Car and Driver still is a powerful symbol in relation to the perception of automobiles. It’s the magazine you find in the dentist’s office with the bright colored sports cars ont he front, and one of the infrequent intrusionsof car culture into the the consciousness of people who don’t consider themselves interested in cars. It is the everyday byword for car enthusiast. It signifies a heightened relationship between a person and a car. Start talking about the “responsiveness” of a car’s steering, or the “feel” of a car and you might get a sarcastic response, “What are you, practicing to write for Car and Driver?”
The term itself has a power to put non-enthusiasts into a car-centric mindset. I title these pictures “Car and Driver” because the words themselves imply a connectivity between the driver and the automobile, regardless of the interaction felt by the driver him or herself. The title implies a relationship that may or may not be there.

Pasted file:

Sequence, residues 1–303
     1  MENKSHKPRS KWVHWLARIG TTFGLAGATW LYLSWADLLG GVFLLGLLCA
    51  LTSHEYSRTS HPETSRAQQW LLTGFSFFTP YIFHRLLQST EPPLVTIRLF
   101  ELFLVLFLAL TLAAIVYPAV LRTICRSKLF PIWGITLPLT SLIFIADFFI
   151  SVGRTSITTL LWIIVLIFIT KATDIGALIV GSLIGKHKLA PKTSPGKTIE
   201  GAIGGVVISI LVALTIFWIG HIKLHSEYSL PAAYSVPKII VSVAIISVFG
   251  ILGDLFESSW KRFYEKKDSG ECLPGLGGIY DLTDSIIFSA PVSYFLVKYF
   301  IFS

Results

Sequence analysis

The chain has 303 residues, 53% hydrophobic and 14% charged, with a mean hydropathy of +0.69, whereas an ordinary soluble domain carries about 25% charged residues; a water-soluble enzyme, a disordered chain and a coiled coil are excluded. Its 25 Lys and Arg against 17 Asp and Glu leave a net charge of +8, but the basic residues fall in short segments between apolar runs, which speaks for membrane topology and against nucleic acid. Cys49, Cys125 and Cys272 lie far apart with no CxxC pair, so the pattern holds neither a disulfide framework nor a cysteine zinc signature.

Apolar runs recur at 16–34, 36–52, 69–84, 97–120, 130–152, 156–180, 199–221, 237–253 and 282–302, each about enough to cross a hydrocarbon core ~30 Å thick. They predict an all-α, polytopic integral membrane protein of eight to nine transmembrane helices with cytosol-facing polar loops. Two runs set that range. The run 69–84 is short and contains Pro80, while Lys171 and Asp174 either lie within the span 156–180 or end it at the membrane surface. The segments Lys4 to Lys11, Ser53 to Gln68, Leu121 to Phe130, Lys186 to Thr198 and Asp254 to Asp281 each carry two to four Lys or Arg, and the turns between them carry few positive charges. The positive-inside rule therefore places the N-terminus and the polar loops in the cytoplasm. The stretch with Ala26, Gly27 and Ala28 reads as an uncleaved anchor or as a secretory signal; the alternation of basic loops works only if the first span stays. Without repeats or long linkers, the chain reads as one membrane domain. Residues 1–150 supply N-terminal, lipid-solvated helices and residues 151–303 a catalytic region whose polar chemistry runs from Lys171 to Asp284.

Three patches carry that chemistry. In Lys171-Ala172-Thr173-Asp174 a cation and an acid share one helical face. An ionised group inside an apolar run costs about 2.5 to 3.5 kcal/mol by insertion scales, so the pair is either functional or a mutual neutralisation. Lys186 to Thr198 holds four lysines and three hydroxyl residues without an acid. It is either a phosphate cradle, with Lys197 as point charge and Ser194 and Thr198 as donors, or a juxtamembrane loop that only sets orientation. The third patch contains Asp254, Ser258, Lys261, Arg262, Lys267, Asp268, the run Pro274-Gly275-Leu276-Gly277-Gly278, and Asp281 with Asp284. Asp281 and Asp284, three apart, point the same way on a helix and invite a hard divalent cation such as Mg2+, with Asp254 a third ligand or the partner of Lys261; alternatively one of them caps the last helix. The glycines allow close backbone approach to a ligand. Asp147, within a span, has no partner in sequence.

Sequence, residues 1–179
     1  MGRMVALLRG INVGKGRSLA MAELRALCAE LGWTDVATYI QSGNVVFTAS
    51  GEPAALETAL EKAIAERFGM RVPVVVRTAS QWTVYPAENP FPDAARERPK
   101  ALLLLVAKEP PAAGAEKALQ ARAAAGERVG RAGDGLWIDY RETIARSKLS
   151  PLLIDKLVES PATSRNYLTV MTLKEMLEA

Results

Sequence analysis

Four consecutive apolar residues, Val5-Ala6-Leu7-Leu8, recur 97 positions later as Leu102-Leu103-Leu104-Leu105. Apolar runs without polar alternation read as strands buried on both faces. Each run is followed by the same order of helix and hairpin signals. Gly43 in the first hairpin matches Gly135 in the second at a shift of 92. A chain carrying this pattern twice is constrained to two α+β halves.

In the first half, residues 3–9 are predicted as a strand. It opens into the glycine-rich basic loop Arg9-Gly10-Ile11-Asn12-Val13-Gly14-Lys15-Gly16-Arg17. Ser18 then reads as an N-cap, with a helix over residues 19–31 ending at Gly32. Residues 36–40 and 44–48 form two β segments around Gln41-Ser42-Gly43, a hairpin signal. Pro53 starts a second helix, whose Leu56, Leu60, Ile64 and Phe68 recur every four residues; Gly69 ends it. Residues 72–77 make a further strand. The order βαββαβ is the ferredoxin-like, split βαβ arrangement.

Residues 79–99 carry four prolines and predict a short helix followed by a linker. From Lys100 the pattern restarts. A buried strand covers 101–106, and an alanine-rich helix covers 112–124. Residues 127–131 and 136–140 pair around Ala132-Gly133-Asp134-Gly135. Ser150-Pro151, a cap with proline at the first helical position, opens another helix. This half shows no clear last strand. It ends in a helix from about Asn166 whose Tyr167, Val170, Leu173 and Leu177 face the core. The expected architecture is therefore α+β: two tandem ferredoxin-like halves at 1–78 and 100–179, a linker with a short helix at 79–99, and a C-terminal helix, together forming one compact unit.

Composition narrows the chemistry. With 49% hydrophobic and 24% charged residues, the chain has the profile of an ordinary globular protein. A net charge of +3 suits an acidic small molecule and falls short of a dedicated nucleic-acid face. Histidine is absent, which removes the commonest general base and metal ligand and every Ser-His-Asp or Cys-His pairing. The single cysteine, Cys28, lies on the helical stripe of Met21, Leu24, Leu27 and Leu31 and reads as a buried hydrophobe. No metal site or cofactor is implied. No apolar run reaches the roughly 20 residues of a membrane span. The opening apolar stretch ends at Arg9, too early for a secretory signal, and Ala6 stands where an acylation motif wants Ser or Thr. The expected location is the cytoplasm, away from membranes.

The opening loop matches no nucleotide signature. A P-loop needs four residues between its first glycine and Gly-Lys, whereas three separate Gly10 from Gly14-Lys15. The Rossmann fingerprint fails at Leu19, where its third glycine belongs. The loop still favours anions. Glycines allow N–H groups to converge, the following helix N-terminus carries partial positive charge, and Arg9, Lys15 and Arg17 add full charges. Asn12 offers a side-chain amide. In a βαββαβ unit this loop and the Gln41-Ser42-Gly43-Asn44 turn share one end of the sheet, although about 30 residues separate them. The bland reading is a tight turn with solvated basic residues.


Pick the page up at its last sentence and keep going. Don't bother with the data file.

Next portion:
There is always a process of implying meaning through collecting pictures on this car blog, where old cars are validated with a short history lesson, or praised as enthusiast choices. I rarely have the slightest idea who the owner of the featured car is, or why he or she has held onto their old car for so long, making any of my judgments judgments of my own. The cars that exist on this website are not exactly as they exist down on the street.
The final implication of these pictures is that of the photographer. Freed from the act of driving, the photographer looks for a way to fight boredom on long drives, or to capture a moment of interest on the move. The camera frames the driver and the car together, implying an active moment in a long drive, something that is dominated rather with passivity and inactivity by the near-motionless person at the wheel.